Ethiopian health minister: We will discuss EU support, but we take no prescriptions

In an interview with EurActiv’s Senior Editor Georgi Gotev on 27 February 2015, Ethiopian Health Minister Kesetebirhan Admasu described major successes and challenges in the Ethiopian health sector.

Among the successes is the massive expansion of the access to primary health care: around 16,000 health posts and 3,500 health centres were constructed in the last years. According to the Minister, this means that on average, 95% of Ethiopians live within 30 minutes of walking distance from a health facility. He further explained the health system, where Ethiopians living under the poverty line can afford all health services for free. But an insurance system is currently being put in place, where all citizens in the formal employment sector will contribute 3% of their salaries, and the employer also contributes 3%.

H.E. Kesetebirhan also recalled that Ethiopia has done remarkably well in achieving all the health-related MDG goals, among others by reducing new HIV infections by more than 90%. These progresses were possible because of the innovative health service delivery model introduced in the country, which is considered by many as a model for Africa and the rest of the developing world.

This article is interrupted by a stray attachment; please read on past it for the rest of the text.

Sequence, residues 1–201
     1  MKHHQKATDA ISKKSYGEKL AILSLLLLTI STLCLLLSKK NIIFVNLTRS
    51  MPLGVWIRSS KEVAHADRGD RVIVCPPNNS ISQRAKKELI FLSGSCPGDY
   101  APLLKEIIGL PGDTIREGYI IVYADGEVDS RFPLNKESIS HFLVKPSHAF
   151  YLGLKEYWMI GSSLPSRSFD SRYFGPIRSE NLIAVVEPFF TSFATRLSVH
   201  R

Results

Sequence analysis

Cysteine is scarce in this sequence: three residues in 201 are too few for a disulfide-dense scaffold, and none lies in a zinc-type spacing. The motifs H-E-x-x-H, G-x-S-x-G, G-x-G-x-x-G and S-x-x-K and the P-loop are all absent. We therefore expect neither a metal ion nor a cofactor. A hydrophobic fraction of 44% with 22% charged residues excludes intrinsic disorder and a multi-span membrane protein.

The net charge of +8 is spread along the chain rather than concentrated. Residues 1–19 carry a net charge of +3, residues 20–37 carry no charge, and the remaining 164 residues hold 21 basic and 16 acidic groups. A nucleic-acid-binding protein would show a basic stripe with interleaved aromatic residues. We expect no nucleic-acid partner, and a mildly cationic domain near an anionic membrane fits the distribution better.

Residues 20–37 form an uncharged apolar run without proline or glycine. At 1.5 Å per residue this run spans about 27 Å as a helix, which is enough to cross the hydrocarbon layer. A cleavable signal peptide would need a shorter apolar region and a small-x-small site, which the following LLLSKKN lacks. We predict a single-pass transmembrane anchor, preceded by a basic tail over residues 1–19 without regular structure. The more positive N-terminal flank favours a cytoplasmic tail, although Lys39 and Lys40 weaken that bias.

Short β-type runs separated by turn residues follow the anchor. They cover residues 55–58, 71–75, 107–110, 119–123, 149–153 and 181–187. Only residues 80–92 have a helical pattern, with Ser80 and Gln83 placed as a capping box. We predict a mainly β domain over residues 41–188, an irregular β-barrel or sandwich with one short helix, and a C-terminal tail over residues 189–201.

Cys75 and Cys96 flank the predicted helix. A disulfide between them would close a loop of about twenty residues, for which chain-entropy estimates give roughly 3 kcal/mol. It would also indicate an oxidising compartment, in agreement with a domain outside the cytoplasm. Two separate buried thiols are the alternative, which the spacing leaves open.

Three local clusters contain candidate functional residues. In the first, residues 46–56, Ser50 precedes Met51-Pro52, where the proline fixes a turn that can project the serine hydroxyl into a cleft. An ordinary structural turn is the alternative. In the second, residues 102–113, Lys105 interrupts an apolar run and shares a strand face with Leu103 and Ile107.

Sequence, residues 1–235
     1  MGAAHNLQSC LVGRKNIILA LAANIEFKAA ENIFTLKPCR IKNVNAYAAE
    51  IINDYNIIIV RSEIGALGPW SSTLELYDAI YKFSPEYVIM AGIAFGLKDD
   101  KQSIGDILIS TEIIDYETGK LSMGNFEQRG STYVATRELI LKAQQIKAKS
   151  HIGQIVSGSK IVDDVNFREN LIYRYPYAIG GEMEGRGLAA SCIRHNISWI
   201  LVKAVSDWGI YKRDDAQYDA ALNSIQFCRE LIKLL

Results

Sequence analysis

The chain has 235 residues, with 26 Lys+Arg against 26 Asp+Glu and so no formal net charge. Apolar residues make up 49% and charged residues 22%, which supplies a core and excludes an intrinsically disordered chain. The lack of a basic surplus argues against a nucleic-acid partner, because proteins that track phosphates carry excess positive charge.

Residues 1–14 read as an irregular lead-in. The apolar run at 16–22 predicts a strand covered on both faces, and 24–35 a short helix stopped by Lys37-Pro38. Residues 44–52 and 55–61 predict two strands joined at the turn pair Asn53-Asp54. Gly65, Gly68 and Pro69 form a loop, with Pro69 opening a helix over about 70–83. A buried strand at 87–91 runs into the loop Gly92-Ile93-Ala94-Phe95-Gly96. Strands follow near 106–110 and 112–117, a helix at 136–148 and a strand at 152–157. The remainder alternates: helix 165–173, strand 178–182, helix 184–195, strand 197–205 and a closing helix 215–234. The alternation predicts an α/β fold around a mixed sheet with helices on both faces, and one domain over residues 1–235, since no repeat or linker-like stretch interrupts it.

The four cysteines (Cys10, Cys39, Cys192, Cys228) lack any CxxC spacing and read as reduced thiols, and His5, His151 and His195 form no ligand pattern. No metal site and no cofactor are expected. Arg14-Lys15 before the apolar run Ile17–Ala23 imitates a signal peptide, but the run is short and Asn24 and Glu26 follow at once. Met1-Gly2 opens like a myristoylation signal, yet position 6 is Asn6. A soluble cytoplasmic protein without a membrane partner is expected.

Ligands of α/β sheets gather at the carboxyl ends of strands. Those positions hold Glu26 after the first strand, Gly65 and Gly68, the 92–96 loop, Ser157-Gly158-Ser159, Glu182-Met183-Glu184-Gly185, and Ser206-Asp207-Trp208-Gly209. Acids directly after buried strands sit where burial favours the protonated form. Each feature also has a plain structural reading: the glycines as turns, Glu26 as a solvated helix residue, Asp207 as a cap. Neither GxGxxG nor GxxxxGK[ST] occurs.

The training and deployment of 38,000 health extension workers also played a big role to help the country improve health outcomes. For instance, in the area of family planning, in 2000, only 6% of married women were using modern family planning services. Today, 42% are using modern family planning methods.

The Minister then explained why Ethiopians “are the champions of country ownership in development” Programs designed in Brussels or Paris or New York or London may not necessarily fit into the local context in Africa, according to him. So Ethiopia doesn’t accept prescriptions from development partners, regardless of whether they are well intentioned or not. But when national plans are developed, all development partners are engaged. The targets we always seen as too ambitious, but by putting all the efforts, they often reveal to be achievable.

For example, the government decided to construct 3,500 health centres in the country in just five years. People were asking, “How is that possible?” After five years, 3,000 health centres were constructed, 500 short of the target but it was a massive achievement.

According to the Minister, another aspect making Ethiopia unique is the engagement of communities.

Read the complete interview on Euractiv’s website.

Watch the video interview on Euractiv’s website.